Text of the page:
from math import random
    wordlist = ["dog", "cat", "snake", "fox"]
    word = wordlist.pop(0)

    And then I tried using


    in my sketchpad,
    but when I run the experiment, it says I don't have [word] defined.

    I also tried putting the following in an inline before the loop:

    from math import random
    wordlist = ["dog", "cat", "snake", "fox"]

    and in an inline script in the loop placing:

    word = wordlist.pop(0)

    But, that didn't work either.

    Again, the basic idea of the experiment is like this....

    1. "Things in the kitchen"
      A B C
      D E

    2.  "Public Holidays"
               1 2 3 
                 4 5 
    3.        "Crimes"
       Big bigger biggest 
            Smaller Small 

    The top row corresponds to the word, the second row corresponds to a set series of images, and the bottom row corresponds to a choice that the participant has to make regarding what is the correct continuation of the proceeding row.

    As you can see, what I had was a bunch of sequences, but I ran into the problem that
    a) I want to run through each sequence once
    b) I want the words that were to be presented on the first sketchpad shuffled
    c) I couldn't shuffle the order of the entire sequence presentations, i.e. sequence3, sequence0, sequence1
    d) I can't figure out how to make it so that the final two images are presented either on the left or the right.

    What do you think? Should I redo the simple tutorial? I feel like it left me asking more questions, and gave me a false sense of security. :( Python be damned!

  • edited 9:11AM

    Hi Dani,

    I'm by no means an expert in Python but let me try to help as a way to learn some things myself as well.

    First of all, i think you are trying to create too many sequences. Every trial you want to present has the same procedure so you can merge all into one. In the loop that precedes it you can define six different variables:

    • Theme (example: "Public holidays")
    • Picture 1
    • Picture 2
    • Picture 3
    • Target picture
    • Distractor picture

    and fill them with the word and picture pairs you want to use so that every row has a unique set of stimuli. In the loop item you can select how many times you want to cylce through this list (12 in your case), set the order (random) and amount of repeatings (1).

    As for the target and distraction locations you could try to select a random number at the beginning of the sequence and appoint the target location and correct keyboard answer accordingly:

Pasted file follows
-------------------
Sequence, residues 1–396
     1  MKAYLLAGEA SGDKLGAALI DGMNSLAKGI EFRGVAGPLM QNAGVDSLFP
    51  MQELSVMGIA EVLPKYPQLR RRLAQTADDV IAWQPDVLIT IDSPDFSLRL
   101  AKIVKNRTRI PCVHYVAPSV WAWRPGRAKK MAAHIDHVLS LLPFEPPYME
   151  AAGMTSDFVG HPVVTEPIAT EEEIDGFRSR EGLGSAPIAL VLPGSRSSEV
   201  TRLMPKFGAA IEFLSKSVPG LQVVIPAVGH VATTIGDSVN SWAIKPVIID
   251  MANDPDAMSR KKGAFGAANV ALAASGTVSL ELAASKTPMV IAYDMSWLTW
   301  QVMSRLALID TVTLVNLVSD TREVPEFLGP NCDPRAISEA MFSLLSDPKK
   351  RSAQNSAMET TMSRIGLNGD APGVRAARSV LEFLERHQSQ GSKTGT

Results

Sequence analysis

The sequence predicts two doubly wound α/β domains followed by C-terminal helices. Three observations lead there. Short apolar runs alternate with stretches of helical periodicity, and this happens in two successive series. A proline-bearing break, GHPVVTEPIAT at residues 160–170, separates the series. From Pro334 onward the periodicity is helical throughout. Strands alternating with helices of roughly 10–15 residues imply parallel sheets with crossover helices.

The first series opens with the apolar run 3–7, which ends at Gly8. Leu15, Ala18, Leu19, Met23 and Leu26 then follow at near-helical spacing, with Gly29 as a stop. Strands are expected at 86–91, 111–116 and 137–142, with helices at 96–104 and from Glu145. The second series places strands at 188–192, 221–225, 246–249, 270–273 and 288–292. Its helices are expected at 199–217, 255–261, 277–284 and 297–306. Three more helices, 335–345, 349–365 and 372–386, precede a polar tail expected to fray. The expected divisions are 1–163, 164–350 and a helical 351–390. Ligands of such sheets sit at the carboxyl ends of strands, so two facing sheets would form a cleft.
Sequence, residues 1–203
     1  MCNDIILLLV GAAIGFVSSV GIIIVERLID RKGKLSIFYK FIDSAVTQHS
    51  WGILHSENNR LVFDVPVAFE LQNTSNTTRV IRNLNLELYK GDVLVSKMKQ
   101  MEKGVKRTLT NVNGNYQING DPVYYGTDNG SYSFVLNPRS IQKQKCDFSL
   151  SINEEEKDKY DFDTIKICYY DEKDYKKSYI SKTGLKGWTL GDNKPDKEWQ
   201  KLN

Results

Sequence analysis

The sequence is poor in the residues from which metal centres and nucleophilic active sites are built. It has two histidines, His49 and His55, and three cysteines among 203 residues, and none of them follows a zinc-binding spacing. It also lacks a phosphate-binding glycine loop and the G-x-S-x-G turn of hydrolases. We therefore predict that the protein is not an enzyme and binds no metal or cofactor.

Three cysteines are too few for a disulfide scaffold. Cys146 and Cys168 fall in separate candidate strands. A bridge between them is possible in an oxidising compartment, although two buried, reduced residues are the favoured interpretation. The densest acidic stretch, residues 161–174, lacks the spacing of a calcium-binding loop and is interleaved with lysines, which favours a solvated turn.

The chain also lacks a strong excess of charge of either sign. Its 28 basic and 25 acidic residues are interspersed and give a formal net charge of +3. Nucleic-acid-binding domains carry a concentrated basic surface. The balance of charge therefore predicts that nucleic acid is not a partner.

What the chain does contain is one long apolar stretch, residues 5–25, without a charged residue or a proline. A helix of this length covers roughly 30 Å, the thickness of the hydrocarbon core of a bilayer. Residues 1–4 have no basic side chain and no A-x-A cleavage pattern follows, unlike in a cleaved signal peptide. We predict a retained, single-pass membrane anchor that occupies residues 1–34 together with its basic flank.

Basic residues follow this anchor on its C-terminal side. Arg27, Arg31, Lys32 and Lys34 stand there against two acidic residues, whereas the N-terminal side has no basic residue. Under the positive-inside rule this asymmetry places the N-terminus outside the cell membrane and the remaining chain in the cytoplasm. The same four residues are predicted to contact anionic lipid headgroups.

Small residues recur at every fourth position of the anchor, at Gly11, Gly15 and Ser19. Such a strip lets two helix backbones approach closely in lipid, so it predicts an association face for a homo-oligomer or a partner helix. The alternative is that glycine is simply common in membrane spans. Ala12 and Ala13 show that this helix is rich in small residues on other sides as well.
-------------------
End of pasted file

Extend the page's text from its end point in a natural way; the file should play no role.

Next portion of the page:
exp.set('rand', [])
    import random
    # Select random number between 0 and 1
    rand = random.randint(0,1)
    print rand
    # Target on left side
    if exp.get('rand') == 0 :
        exp.set('target_loc', -384)
        exp.set('distractor_loc', 384)
        exp.set('correct_response', 'z')
    # Target on right side
        exp.set('target_loc', 384)
        exp.set('distractor_loc', -384)
        exp.set('correct_response', 'm')

    And alter your script in the final sketchpad like this:

    draw textline "[target_loc]" 0 "[Target]" ...
    draw textline "[distractor_loc]" 0 "[Distractor]" ...

    But again, i'm no experienced builder myself and i have not tested this little script so if anyone has a more elegant solution please correct me!

  • edited 9:11AM

    Knante said, "fill [the variables in the loop] with the word and picture pairs you want to use so that every row has a unique set of stimuli".

    I don't know what he meant by word and picture pairs.

  • edited 9:11AM

    And what's up with all the crashing on for mac version of openSesame? It crashes all the time.

  • edited June 2015

    This is what i mean, i used just words in the example but you can substitute them with pictures:


  • edited 9:11AM

    Hi Dani,

    You were almost there. If you look at my first post, you can see: "To make it available for your sketchpad, you have to insert: exp.set('word',word)."

    So yeah, you created the variables in your inline script perfectly, now you only need to set them with exp.set, and you can do whatever you want with them in your sketchpads!



  • edited 9:11AM

    A few questions:

    Where do I insert "exp.set('word',word)"? In the prepare or run part of the in-line script?